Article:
Remember the Wastepickers


In celebration of the World Day for Safety and Health at Work on April 28,we would like to draw attention to the plight of wastepickers, who are among the most marginalized members of our society.

Wastepickers belong to the informal recycling sector and are typically not recognized by formal institutions and the local governments where they belong. They contribute tremendously to the retrieval of recyclable materials from bins and dumps, but are often ostracized because of the nature of their job.

Thousands of wastepickers, including minors, work in the more than 1,000 dumpsites throughout the country. From dawn until dusk, they rummage through tons of garbage brought by the endless parade of garbage trucks and recover bottles, plastics, cans, steel, and other items of value to be sold to junkyards and recycling centers. Everyday, they are exposed to dangerous and toxic chemicals and materials, and risk being fatally hit by
bulldozers and garbage trucks.

In a recent visit to Pier 18, a transfer station for Manila’s mixed garbage en route to a “sanitary” landfill in Navotas, we were again confronted by the stark, naked face of poverty: that of men, women and children subsisting on the very things that many Filipinos would not touch with their bare hands.

We saw children as young as three years old walking barefooted among the broken glasses, copper wires, and burning tires, and wading thigh-deep into the mounds of hospital syringes, rotting food, and all kinds of wastes imaginable to recover a few precious kilos of plastics and cans.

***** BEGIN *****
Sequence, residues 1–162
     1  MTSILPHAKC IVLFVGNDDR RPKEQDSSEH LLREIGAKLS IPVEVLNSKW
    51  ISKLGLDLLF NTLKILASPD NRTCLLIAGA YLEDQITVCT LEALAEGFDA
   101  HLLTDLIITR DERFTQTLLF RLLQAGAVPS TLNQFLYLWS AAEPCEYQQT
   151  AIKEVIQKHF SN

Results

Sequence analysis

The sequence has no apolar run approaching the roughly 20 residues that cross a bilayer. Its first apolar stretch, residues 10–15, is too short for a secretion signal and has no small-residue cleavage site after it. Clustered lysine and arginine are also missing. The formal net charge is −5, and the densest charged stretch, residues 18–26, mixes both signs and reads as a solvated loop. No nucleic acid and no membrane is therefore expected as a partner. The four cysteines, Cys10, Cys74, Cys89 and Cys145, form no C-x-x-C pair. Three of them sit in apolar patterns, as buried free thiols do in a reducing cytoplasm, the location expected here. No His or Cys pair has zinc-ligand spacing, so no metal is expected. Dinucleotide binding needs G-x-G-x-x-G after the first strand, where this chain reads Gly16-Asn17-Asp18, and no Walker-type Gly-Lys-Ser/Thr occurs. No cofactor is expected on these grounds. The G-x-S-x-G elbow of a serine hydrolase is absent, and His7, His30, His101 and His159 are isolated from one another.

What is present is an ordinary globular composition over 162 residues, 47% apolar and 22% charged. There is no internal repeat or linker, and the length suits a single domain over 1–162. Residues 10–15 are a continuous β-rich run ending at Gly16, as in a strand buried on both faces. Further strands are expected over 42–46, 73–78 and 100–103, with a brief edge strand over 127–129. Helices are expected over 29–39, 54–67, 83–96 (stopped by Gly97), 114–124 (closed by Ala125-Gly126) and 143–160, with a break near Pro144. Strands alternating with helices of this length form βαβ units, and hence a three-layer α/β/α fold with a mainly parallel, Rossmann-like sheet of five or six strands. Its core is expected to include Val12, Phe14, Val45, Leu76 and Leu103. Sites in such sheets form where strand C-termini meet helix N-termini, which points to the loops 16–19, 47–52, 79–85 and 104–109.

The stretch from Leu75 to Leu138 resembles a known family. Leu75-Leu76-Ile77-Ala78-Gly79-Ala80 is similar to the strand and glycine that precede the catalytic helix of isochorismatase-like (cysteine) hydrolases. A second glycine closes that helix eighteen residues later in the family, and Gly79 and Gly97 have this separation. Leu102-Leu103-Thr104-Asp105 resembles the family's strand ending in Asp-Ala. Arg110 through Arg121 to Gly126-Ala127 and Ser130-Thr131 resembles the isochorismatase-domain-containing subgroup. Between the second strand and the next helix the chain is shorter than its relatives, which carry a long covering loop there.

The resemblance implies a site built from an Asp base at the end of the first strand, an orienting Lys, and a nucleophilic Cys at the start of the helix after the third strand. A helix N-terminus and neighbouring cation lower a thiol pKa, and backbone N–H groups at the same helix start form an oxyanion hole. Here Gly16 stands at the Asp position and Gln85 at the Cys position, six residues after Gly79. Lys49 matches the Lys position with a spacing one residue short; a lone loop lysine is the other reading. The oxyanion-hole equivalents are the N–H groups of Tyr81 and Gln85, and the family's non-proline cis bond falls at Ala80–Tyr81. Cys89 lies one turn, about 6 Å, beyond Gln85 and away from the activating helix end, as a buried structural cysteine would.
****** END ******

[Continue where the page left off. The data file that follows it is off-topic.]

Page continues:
And we were once again struck by the sheer inequality in our society, by the fact that we cannot wait to get rid of our discards and throw amazing tantrums when the garbage truck does not come, and yet there are people who live for the arrival of garbage.

While affirming the role and sacrifice being made by our sister and brother “mangangalahig” in the recycling of our discards and in making our communities livable, we cannot help but say that there is no room for this extremely toxic job in a truly humane and “civilized” society.

We therefore urge the authorities, especially the local government units, to pay attention to the needs of the wastepickers and initiate programs that will provide them with decent and sustainable livelihood in a safe, healthy and humane environment.

Anne Laracas
Task Force on Wastepickers’ Concerns
EcoWaste Coalition

Unit 320, Eagle Court Condominium, Matalino St.
Quezon City, Philippines
+63 2 9290376